One way to see it is as follows: if $F$ is a field, $f_i = 0$ a system of polynomial equations with coefficients in $F$ that has finitely many solutions in any extension of $F$. Then any solution in an extension of $F$ has all components algebraic over $F$. Indeed, consider one solution in an extension $K$ of $F$. Let $F'$ the field generated by the components of that solution. It's enough to show that $F'$ is algebraic ( and so finite) over $F$. Indeed, if it were not, we would have infinitely many $F$ morphisms of $F'$ into some conveniently large extension $L$ of $F$. Each such morphism would produce a different solution of the system over $L$, contradiction.

Note that "finitely many solutions in any extension of $F$" is apriori stronger than "finitely many solutions in (some extension of )$\bar F$ ", although elimination of quantifiers clarifies they are equivalent statements. But we only use the weaker implication, that only uses basic field theory.

Now consider a factorization
$$P\cdot Q = R$$ where $R\in F[x_1, \ldots, x_n]$ and $P$, $Q \in K[x_1, \ldots, x_n]$. Let $I$, $J$ the largest monomials in the supports of $P$, $Q$ for some monomial order. Then for the coefficients $a_I$, $b_J$, $c_{I+J}$ of $P$, $Q$, $R$ we have $$a_I \cdot b_J = c_{I+J}$$ So let's choose a rescaling of the coefficients of $P$, $Q$ so that $$a_I = 1\\ b_J = c_{I+J}$$

Note that the system of equations for the coefficients of $P$, $Q$ ( polynomial, coefficients in $F$) that translates the equalities $$P\cdot Q = R\\ a_I= 1\\ b_J= c_{I+J}$$ has finitely many solutions in any extension $L$ of $F$ ( it follows from the fact that $L[x_1, \ldots,x_n]$ is UFD). We now conclude that the coefficients of $P$, $Q$ are algebraic over $F$.

The rescaling seems a bit unnatural. In fact one can show the following:

We have integral dependencies of any $a_I\cdot b_J$ over the ring $\mathbb{Z}[c_K]$. One can show this by induction on $n$, using Ex 8, 9 chap v in Atiyah-Macdonald Commutative Algebra. One can produce explicitely such dependencies for a given type of factorizations $P\cdot Q =R$, using Groebner bases for elimination.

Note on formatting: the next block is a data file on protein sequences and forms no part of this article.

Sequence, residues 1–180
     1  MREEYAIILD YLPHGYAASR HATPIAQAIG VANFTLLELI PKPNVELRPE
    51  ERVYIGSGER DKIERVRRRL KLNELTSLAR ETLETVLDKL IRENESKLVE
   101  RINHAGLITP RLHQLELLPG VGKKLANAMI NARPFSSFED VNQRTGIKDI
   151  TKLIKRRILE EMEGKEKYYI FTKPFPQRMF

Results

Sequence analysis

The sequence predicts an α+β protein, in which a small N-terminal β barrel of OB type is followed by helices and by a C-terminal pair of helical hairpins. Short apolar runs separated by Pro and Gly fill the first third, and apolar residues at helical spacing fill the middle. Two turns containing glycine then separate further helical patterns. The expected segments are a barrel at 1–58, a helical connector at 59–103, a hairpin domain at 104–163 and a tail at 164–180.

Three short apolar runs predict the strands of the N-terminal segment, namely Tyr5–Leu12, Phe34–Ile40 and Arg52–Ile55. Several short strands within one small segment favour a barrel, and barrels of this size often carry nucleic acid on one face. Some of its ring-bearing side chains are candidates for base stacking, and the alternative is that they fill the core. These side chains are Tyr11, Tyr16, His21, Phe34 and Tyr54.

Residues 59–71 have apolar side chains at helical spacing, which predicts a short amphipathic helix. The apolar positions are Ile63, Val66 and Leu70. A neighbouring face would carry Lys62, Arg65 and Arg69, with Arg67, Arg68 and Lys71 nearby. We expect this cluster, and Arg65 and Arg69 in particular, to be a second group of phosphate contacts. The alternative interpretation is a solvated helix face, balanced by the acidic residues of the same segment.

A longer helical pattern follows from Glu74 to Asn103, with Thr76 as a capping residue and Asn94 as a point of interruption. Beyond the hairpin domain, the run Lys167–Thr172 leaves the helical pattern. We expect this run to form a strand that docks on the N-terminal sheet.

• Interesting approach to use this apparently stronger statement on arbitrary field extensions to circumvent the use of quantifier elimination. – Bib-lost Apr 26 '18 at 8:24
• @Bib-lost: Think of it: if a system of polynomials with rational coefficients has finitely many complex solutions then those solutions are from $\bar{ \mathbb{Q}}$. Same trick works because transcendence degree of $\mathbb{C}$ over $\mathbb{Q}$ is infinite, so we have enough space inside, no quantifiers needed in this case.More interesting: if it has finitely many real solutions, those solutions are from $\mathbb{Q}$. Of course we can real quantifier elimination, but one can also do "by hand". The problem is extending morphisms, which means solving "real equations". Hope it helps. Cheers! – Orest Bucicovschi Apr 26 '18 at 9:09
• I am still a bit confused by the part "Indeed, if it were not [algebraic], we would have infinitely many $F$ morphisms of $F′$ into some conveniently large extension $L$ of $F$." Is this easily justified? – Bib-lost Apr 26 '18 at 19:15
• @Bib-lost: The extension is finitely generated. So it is a finitely generated transcendental,and on top of it a transcendental one. It is the transcendental part that provides infinitely many starts: for instance, $(t_1, \ldots, t_m) \mapsto (t_1 + t_2^N, t_2,\ldots,t_m)$. Then we need to extend to the algebraic extension on top of it. So the large field we take is the algebraic closure of the field generated by $(t_1, \ldots, t_m)$. That is the only subtlety, the existence of an algebraitc closure of any field. We can certainly appreciate it. – Orest Bucicovschi Apr 27 '18 at 3:55
• @Bib-lost: We may not need the algebraic closure, we only need to enlarge enough the extension on top of the transcendental one so that a bunch of equations have solutions. It will be a finite extension in fact, it we take into account Hilbert basis theorem. – Orest Bucicovschi Apr 27 '18 at 4:45